I went to see Ragtime and I liked it.  It didn’t have me at hello – like the first time I saw Les Miz or the first through fourteenth times I saw Rent (don’t judge) – but I liked it. 

I’d come in with high expectations.  After all, this is the show that got transferred to the Great White Way after a three week run in DC, giving the musical it’s first Broadway revival a scant 10 years after the original production closed.  Talk about buzz.  Plus, my friend Jay said Ragtime was one of his favorite musical scores of all time.

I’d never seen the show before, or even heard the music, so some of my enjoyment was from watching the story unfold for the first time.  But it was not only that.  I liked the performances – a dry humor from the nurturing leading lady, an unnerving intensity from her explosives expert younger brother, the easy charm of the ragtime piano-playing leading man.  The voices and the music were enjoyable.  The story had enough to it to keep me engaged.   I dug the minimal set.  All in all, I left feeling rather satisfied.

But then something funny happened.  I started comparing notes with other folks who’d seen it, and began to doubt whether I really enjoyed it after all. 

First up I polled some musical theater acquaintances.  They weren’t that impressed.  I asked what they thought of this one actor and they said his voice was “weird.”  Intrigued, I asked what they meant by that.  His voice had “no breath” and was “muscled” they reported in a way that made me sure this was a bad thing.  Now, I remember this guy’s voice being particularly strong and shiny sounding, like a trumpet hitting a high note.  In fact, as soon as he opened his mouth, I had the feeling he would be a star.  But maybe I was wrong.  Maybe shiny trumpet voices are bad and muscley.   After all, this was niche expertise, from people who know more about singing than I do. 

Next I remembered hearing about someone who saw the DC run of the production and had announced that it was “exactly like the original production” and therefore no great shakes.  Interesting.  More niche expertise, from someone who had actually seen the original production, whereas I had not.  Had I been duped by a knock-off?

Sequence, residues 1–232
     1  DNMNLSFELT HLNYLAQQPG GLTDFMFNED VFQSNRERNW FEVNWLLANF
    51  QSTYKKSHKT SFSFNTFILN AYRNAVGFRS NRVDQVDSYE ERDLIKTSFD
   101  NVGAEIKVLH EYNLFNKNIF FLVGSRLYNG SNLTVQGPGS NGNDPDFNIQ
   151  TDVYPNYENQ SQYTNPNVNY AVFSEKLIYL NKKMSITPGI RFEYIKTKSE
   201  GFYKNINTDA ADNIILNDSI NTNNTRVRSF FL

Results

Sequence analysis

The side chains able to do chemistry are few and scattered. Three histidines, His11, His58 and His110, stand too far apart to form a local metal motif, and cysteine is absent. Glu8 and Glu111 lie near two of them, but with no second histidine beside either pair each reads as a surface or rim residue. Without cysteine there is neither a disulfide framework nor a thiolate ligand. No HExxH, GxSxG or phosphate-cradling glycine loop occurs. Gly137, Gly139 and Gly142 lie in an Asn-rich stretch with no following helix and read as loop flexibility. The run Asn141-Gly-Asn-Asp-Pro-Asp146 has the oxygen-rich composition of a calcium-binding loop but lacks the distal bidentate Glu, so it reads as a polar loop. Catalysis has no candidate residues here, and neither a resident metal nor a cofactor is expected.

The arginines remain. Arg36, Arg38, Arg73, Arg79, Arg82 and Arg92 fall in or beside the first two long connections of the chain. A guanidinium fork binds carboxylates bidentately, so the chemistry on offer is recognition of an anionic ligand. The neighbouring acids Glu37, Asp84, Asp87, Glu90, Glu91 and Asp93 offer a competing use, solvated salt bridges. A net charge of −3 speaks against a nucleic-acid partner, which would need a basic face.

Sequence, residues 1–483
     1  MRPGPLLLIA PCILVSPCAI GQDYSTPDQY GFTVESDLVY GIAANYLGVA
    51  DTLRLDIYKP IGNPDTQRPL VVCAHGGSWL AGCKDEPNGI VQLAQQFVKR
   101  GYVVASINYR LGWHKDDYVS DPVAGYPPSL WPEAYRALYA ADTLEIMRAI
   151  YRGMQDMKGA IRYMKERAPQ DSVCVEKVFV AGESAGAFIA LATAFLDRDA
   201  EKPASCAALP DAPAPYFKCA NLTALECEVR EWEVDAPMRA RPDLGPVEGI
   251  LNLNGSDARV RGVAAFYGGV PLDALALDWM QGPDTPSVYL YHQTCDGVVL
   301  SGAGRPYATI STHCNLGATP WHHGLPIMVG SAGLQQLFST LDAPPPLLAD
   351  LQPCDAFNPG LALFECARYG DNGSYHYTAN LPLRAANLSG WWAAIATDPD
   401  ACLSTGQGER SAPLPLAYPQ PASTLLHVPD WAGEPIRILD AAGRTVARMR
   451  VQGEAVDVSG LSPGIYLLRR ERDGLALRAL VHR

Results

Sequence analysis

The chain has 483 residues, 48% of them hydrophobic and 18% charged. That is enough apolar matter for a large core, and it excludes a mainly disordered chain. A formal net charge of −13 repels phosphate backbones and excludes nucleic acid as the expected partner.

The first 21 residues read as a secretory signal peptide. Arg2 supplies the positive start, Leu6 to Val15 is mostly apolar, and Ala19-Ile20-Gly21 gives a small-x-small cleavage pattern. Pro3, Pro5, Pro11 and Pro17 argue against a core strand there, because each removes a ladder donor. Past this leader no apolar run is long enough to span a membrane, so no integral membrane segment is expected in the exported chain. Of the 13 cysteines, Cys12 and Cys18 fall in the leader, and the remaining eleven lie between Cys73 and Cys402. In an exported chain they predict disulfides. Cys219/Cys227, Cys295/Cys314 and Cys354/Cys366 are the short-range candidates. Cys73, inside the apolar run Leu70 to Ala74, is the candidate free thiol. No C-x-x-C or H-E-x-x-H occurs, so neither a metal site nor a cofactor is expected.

Finally, I had dinner with a wonderful actress, singer, and musician friend who confided that she didn’t really like the music in Ragtime.  That she didn’t feel any of the songs really grabbed her.  Aha.  Highly valued niche expertise from a trusted friend.  Suddenly I wondered if I hadn’t gotten it all wrong.

Well dear reader, you’ll be happy to know I have shaken off this self doubt, and chosen not to believe as others do just because they might know better.  Yes, it’s an After-School Special moment, everyone.  But of course that’s not the point.  The point is that there’s something to this belief in niche expertise.  The belief that if someone is more experienced in a subject than yourself, his or her opinions are more valid than your own.  As someone who has watched After-School Specials and Flashdance, I know the experts aren’t always right.  But that doesn’t stop me from seeking out more informed thoughts than my own.  Not a bad thing necessarily, but supplanting my own judgment with someone else’s?  That’s like Junior High 101.  We’re not supposed to do that.  

Still, it’s tempting.  Maybe because we all possess niche expertise in some area or another, and when it comes to our own expert knowledge, we believe others should submit.  For example, due to my particular training as an actor, I believe tortured, emotional, Method-inspired, acting performances have absolutely no place on stage.  (Film’s another story.)  I find them horrible, indulgent, nearly offensive, and I think anyone who is impressed by them is a sucker.  You, no doubt, hold some similarly dogmatic view regarding your area of expertise, be it language poetry, Fantasy Football, neural pathways, or Season 4 of So You Think You Can Dance.  We know how deeply in contempt we hold the fools who don’t know what they’re talking about on our own turf, so perhaps we can be forgiven for not wanting to be a sucker on someone else’s.

And just for the record, I did like the show.  And yeah none of the songs grabbed me, but I liked them when I heard them.  And I still think that one actor has a knockout voice.  Muscley trumpets are where it’s at.  Mark my words.

Sunday, November 22, 2009

Top of the Heap

Performance Date: 11.08.09
The Gallery Players

These posts get harder to write each week.  Not because the shows I see lack anything to write about, but because my writings all start to sound the same to me.  For example, here’s the opening bit I just prepared about seeing Top of the Heap at Gallery Players:
“I love musicals.  Not everyone does.  Some can’t get over the and now I break into song aspect.  Me?  I break into song every day of my life so musicals don’t seem so far-fetched.”
Not bad, right?  It’s clever and charming and a nice set up to delve deeper into the show, which I enjoyed.  Absolutely nothing wrong with that.  But for some reason it feels stale, this week, to continue on in this way.  Maybe it won’t next time, but right now it does.  Which makes now a good opportunity to reflect a little bit on what am I doing here?